There’s also so much more to see and do in Kropa, such as:

* A visit to the Museum of Iron Forging

* Hike up to the Vodiška planina highland and visit the Partizan mountain hut for delicious home-cooked food

* Visit the headquarters of the wrought-iron company UKO

* Visit the Fovšaritnica Museum House to see one of the best preserved examples of how iron-worker families used to live

* See the source of the Kroparica stream

* Visit the Vice-Spike foundry (by prior arrangement only)

The Pr’Kovač Inn is located right in the heart of the village and as soon as you enter through its door, you get a sense of what is to follow. The décor and the ambience just smack of good, honest, uncomplicated home-cooking and hospitality, and it doesn’t disappoint. Its all in the detail even down to the the crockery, cutlery, menus and presentation. In fine weather, a seat outside in the shady area next to the Kroparica stream is also pleasant, though do be sure to go inside a take a look!

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Owned and run by Blaž Staroverski (seen with me above), the restaurant also recently received rave reviews and top marks in one of Slovenia’s leading newspapers, and since it is also one of the seven restaurants that participate in Taste Radol’ca, and being one that is still remaining on my list, a visit was long overdue.

Being a unique village, Kropa also has some original local dishes and therefore I left it to Blaž to acquaint me with a few tasting samples of just some of the dishes available on the menu. With Kropa’s mere existence being based on the tradition of blacksmithing, most of the population would have, to some extent, been involved in hard, physical labour and thus required robust, hearty food. This tradition still continues, however, under Blaž’s leadership, he manages to create robust, hearty dishes with modern innovation and finesse – and all using the freshest and most local ingredients available.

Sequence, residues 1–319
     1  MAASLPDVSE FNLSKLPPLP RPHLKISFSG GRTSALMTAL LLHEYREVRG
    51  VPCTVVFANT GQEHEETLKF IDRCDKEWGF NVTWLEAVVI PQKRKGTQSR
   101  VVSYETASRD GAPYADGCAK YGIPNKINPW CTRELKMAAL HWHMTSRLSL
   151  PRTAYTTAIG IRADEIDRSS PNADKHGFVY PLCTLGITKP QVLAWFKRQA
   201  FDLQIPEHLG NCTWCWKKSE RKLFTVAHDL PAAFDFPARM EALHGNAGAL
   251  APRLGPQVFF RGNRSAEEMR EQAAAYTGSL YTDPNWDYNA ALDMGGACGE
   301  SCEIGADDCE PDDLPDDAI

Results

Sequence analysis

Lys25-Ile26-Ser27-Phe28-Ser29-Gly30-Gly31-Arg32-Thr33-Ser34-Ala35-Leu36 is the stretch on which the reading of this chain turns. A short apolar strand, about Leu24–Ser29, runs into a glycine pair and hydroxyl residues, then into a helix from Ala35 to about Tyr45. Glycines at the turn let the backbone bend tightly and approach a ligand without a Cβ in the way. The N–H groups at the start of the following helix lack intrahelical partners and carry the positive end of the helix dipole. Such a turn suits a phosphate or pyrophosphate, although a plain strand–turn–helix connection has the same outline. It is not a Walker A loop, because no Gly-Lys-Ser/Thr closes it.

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  • First, a thick hearty bean soup, served in a typical clay dish, which one can imagine would really hit the spot on a cold winter’s day, flavoured with home-grown herbs.
  • Next was buckwheat served with mushrooms and a creamy, rich mushroom sauce. Buckwheat is used a lot in Slovene cooking, either as an ingredient or as a stand-alone dish but, for my palate, it can sometimes be a little dull and lacking in flavour if not well cooked and seasoned. This dish however was delicious, really flavourful and I could have quite happily eaten a whole dish of it.
  • A salad followed – all of course direct and fresh from the restaurant’s own garden and lightly dressed with oil and vinegar.
  • The main course comprised tender pork fillet in a cranberry sauce, homemade curd cheese štruklji (a Slovene speciality – a kind of rolled, filled dumpling) and vegetables
  • With just enough room left, I, of course, managed to sample the dessert too! Described as a ‘buckwheat omelette’ it was more reminiscent of a light muffin, filled with a fruit sauce and accompanied by forest strawberries, chocolate sauce and ice-cream coated in a light nut and crumb crust.

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Although I didn’t have an opportunity to try it on this occasion, since it was fresh out of the oven and baked to fulfil an order, the HUGE tarragon potica, as seen in the photo above looks a-m-a-z-i-n-g! I shall definitely be returning to test that sometime soon!

An ideal time to visit Kropa is during the time of the annual Iron Forging Festival, which this year takes place on Saturday 5th July. More information can be found here – http://www.radolca.si/en/what-to-do/83/iron-foging-festival-2014/83/153/

 

 

 

 

At the top of the Karavanke / ‘Kremšnita’ cream cake in Bled

Despite the mountain of work awaiting me, and despite my best intentions to spend the day tackling it, when I woke up on Sunday morning to see the perfect blue, cloudless sky above Stol, theI lure of the mountain ‘proper’ won out over the lure of the mountain of work – and so off I went.